Take manufacturer consolidation, for example. This year began with CFS Brands’ purchase of AyrKing, followed by Ali Group’s acquisition of Kold-Draft and Spaceman’s acquisition of IoT provider BDE Innovation. While these deals were impactful in their own way, the foodservice equipment industry really stopped to take notice when suitors began lining up to acquire Welbilt, a publicly traded, multiline factory based in Florida. All in all, continued consolidation within the factory segment will impact the way foodservice equipment and supplies flow into the market.
“Factory consolidation is going to force some major decision making. And I think it can put dealer buying groups further at risk,” Rossi says. “The larger scale these companies get and the more factories they have, they can line up a holistic deal that requires you to buy even more from them. They are not going to have a whole lot of gaps in their product lines. In a sense, that could further simplify the world. For a smaller dealer, it could make things easier for them to consolidate their purchases with that company.”
When factories consolidate, it can affect their representation in local markets. “In the past we’ve lost lines and gained lines because we were not the consolidated rep for the buying company,” says Jeff Griffiths, president of E-Source Miller, a Texas-based rep firm. “Right now, I spend a lot of time thinking of all the possible scenarios that will play out and evaluating whether I can control those scenarios.”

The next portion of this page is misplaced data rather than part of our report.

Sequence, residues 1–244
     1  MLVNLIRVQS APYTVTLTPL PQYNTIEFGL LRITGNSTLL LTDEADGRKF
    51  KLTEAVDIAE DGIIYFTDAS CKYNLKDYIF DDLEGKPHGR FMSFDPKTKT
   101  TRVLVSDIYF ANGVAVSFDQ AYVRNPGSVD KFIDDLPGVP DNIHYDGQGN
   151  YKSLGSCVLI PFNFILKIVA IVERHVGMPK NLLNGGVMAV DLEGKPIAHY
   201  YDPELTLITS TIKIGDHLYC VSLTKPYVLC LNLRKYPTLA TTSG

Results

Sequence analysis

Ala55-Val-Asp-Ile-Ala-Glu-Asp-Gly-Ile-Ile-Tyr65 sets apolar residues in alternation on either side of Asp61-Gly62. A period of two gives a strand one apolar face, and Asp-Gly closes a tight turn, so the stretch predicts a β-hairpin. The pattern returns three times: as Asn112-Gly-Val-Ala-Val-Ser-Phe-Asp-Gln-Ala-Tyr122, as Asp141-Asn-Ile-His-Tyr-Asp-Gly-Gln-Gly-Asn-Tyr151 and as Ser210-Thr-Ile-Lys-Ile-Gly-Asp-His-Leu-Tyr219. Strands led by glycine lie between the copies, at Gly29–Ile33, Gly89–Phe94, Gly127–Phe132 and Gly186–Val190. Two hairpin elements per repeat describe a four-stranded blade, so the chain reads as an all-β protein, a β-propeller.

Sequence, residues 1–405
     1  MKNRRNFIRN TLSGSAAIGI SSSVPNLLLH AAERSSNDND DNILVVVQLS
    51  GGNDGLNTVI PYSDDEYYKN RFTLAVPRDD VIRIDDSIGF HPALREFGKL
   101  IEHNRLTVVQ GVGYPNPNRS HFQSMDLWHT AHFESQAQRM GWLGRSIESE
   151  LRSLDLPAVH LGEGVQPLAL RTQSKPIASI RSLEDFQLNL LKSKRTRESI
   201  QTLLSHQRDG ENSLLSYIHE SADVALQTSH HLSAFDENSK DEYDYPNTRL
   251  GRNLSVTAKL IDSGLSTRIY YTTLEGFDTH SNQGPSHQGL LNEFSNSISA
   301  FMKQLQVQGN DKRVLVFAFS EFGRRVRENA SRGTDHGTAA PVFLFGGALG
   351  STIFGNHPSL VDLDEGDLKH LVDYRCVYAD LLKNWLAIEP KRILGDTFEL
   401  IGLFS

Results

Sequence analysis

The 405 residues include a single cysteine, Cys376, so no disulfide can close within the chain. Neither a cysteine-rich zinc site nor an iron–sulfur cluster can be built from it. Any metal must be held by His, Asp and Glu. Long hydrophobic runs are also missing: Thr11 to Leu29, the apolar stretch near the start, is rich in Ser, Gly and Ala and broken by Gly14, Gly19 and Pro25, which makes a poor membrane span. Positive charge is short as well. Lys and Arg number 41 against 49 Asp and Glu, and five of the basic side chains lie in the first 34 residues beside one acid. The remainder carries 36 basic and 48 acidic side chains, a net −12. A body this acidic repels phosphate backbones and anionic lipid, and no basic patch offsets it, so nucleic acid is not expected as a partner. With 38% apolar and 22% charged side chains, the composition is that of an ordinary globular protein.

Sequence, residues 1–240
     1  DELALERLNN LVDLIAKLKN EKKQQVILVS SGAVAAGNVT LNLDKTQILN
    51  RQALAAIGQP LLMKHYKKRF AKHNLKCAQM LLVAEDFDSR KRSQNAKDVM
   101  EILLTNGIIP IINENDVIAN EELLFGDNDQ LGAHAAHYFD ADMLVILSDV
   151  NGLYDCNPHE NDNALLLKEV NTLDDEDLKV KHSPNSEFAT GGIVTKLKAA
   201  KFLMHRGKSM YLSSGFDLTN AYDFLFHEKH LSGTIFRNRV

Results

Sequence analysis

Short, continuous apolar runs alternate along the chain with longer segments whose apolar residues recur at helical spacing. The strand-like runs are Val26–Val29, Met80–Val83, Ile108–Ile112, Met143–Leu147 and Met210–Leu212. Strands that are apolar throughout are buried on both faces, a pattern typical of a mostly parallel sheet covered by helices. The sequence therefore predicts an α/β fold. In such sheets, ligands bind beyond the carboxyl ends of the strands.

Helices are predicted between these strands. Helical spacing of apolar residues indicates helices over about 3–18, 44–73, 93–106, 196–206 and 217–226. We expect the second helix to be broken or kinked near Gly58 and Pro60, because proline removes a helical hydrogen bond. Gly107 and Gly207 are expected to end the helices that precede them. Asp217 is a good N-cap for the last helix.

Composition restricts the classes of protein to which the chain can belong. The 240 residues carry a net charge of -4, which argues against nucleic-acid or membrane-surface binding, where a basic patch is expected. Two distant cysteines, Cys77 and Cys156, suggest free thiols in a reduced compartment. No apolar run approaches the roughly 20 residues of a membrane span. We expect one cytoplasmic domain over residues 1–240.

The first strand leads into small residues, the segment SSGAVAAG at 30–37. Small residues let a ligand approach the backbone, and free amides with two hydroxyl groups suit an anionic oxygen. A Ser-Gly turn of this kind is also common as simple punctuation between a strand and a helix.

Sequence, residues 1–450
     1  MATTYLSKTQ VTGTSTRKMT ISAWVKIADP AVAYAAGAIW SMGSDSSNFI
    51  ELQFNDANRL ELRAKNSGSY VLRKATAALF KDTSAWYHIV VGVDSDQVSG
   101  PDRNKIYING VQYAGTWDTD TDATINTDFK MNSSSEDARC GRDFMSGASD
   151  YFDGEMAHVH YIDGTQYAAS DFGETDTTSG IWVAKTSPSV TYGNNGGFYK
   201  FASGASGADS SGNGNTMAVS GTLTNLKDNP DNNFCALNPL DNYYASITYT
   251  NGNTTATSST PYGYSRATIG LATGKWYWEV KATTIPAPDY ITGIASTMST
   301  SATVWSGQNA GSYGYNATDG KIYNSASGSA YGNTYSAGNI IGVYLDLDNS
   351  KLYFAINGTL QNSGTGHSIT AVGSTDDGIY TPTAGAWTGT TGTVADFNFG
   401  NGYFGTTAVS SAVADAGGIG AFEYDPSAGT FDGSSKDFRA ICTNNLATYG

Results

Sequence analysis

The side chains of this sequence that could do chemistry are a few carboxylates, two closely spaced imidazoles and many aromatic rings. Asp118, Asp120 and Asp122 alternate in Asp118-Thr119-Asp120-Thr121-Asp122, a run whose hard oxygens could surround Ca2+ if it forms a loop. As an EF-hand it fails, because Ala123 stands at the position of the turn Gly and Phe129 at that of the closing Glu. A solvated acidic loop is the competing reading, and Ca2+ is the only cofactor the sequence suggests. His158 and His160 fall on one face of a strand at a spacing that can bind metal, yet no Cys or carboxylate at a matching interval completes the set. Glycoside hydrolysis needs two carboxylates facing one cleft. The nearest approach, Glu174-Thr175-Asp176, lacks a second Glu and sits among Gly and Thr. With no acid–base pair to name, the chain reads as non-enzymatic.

The exact impact on a given geographic market will depend on a variety of factors. “There are definitely territories that are more dealer driven. Other territories have a more fragmented dealer market and are more rep driven,” Griffiths says. “So, value has to happen, and our goal is to provide that value.”
From a designer’s perspective, questions around factory consolidation tend to be pragmatic. “Unless there is going to be a change in quality in the equipment we specify, it does not affect us,” Brinegar says. “The bigger issue is, when you get consolidation, does some of the competition go away? Competition really keeps you on your game. What does the warranty look like? What’s the lead time? Can they still provide education? Some companies do a good job when it comes to educating consultants. If they are still communicating with us, it does not affect us too much.”
From a service agent’s perspective, the impact of factory consolidation seems to have leveled off. “Ten years ago, one manufacturer buying another would have sent shock waves through the industry. We used to be so tied to the parts distribution business that if we lost one of our lines it could have crushed our businesses,” says Wayne Stoutner, CEO for Duffy’s AIS, a New York-based service agent. “Now with the way things are run, with the massive parts distributors out there, that’s no longer the case.”
In fact, Stoutner sees a scenario where continued factory consolidation could potentially benefit the service segment and the service that operators receive. “I think it’s going to create some stability. It could lead to paring everything down and having everyone do it the same way. That will make it easier to do business too,” he says. “When companies merge, service agents can have more control because we handle both sets of products.”